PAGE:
The viability of 'Calexit'


#1

I guess someone else had the same idea!


Trump's pick for federal wage watchdog stiffed her house-cleaners
#2

I don’t think modern sensibilities of the west really align with civil war. Look at Clive Bundy’s mini-revolution. The people are who gearing up for the fight are incapable of dealing with any adversity or threat.

Ultimately I think California will leave the US quietly, starting the dissolution of the entire union into four or five nations, one of them being an explicit nation of white Christians.

Oh, did I say “will” instead of “would”? That was, um, a typo.


#3

Leaving quietly won’t be an option unless other states are leaving noisily. California is not only big liberal cities but also contains a small but well-armed conservative rural contingent and also establishment conservative bastions like Orange County and the Central Valley. Also, the federal government isn’t going to let the world’s 6th (soon to be 5th) largest economy just cleave off, leaving the backwards states even less well funded and more prone to turmoil.

Absent a serious and permanent change at the federal level, though, I doubt that California will leave at all in the next 20 years. More likely to happen is California continues doing what it’s doing now: defying unfriendly federal governments on issues like environmental protections and sanctuary cities. As long as the defiance doesn’t go explicitly against the Bill of Rights (as Southern states’ racist defiance during the 1960s tended to go) they’ll be left alone except for some impotent bluster.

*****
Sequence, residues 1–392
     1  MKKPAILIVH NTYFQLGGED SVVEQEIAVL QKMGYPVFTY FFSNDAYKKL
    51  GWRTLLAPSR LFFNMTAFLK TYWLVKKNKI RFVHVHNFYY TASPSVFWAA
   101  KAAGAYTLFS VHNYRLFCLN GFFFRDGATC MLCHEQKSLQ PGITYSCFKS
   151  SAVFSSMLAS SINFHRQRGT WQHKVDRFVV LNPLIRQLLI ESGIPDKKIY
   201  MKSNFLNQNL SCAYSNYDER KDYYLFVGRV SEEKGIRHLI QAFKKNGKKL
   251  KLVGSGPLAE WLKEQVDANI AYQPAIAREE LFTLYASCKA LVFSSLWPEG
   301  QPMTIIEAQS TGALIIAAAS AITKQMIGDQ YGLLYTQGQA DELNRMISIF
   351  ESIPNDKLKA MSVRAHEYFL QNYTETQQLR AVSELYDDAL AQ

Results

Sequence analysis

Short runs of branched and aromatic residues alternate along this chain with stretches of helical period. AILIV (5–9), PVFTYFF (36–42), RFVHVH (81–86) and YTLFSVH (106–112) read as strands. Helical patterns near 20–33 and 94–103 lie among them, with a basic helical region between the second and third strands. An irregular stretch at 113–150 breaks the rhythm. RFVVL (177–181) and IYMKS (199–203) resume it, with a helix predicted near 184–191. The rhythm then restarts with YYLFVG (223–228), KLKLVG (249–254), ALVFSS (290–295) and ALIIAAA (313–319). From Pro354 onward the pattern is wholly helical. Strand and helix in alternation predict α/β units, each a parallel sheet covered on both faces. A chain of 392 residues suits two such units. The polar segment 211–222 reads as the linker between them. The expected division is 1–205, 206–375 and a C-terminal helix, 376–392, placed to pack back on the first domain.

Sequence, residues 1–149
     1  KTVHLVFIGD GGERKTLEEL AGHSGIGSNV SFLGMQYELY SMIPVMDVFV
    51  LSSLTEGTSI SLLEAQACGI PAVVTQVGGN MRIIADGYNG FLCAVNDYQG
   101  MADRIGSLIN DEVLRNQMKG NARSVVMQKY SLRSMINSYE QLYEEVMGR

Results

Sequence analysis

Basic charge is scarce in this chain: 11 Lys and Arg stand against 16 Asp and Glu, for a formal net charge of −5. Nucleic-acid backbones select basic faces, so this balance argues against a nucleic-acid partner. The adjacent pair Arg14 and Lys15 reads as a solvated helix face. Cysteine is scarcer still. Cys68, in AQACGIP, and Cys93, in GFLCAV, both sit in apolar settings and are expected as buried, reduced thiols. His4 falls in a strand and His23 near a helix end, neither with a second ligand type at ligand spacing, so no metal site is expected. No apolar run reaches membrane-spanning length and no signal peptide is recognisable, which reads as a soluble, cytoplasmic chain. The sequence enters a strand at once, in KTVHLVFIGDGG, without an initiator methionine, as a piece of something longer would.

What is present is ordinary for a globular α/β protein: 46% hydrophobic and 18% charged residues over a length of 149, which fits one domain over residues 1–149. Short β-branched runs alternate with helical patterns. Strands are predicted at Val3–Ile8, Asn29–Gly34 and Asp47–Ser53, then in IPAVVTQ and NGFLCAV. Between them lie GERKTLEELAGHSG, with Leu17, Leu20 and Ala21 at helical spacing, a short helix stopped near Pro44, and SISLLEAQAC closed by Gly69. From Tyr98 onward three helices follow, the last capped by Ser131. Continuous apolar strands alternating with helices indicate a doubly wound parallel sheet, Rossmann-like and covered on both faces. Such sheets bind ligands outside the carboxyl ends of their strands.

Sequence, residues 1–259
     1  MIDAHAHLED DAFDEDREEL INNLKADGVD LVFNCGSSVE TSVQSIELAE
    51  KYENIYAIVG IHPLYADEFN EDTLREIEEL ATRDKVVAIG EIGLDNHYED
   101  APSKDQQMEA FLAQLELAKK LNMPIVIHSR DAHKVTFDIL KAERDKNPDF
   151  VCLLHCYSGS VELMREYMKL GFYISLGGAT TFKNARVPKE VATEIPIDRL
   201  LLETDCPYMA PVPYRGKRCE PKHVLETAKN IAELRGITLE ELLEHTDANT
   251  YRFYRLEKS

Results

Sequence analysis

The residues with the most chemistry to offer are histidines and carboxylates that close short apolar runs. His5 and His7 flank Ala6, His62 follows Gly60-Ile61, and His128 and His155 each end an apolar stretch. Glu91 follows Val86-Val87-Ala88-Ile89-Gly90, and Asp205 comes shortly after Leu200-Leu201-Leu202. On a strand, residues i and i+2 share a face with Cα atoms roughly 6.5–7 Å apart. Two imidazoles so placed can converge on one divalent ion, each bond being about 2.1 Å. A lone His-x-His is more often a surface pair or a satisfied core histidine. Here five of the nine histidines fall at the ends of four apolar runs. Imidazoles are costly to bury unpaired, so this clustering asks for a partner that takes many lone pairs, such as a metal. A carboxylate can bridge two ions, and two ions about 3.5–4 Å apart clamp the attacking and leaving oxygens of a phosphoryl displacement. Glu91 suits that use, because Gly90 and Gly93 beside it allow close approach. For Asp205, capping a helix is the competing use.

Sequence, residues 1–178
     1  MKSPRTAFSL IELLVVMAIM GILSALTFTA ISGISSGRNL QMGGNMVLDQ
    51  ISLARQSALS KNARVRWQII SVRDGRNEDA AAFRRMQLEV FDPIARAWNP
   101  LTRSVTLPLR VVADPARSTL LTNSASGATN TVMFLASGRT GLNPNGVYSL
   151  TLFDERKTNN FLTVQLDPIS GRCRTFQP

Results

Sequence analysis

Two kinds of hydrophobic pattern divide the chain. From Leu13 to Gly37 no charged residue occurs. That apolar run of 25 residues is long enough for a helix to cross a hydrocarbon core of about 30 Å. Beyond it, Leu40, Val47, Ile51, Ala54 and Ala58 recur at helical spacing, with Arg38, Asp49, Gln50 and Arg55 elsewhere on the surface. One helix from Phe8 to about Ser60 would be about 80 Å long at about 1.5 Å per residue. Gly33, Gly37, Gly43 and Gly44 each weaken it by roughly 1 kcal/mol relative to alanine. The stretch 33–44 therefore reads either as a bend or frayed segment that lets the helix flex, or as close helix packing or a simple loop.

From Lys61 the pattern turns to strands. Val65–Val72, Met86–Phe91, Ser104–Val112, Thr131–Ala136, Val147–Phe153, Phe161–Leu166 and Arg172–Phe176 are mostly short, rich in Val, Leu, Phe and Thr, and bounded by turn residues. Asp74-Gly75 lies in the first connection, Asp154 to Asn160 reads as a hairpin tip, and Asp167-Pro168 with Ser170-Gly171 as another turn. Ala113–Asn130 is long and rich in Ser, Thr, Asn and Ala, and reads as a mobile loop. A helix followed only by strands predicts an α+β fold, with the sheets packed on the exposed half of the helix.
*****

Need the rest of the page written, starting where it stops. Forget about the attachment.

[since this is off-topic but also an interesting discussion, perhaps @orenwolf can impose some separatism on the posts starting with Mangochin’s]


#4

#5

Or will a Republican government see this only as a way to secure power by letting a huge bock of democratic votes split off?

If you have a white-nationalist christian-theocracy bloc, then it’s a lot easier for them to wave goodbye to California and set up shop in whatever’s left than it is for them to fight California. If the US really has “president Bannon” then I think California would be allowed to leave peacefully.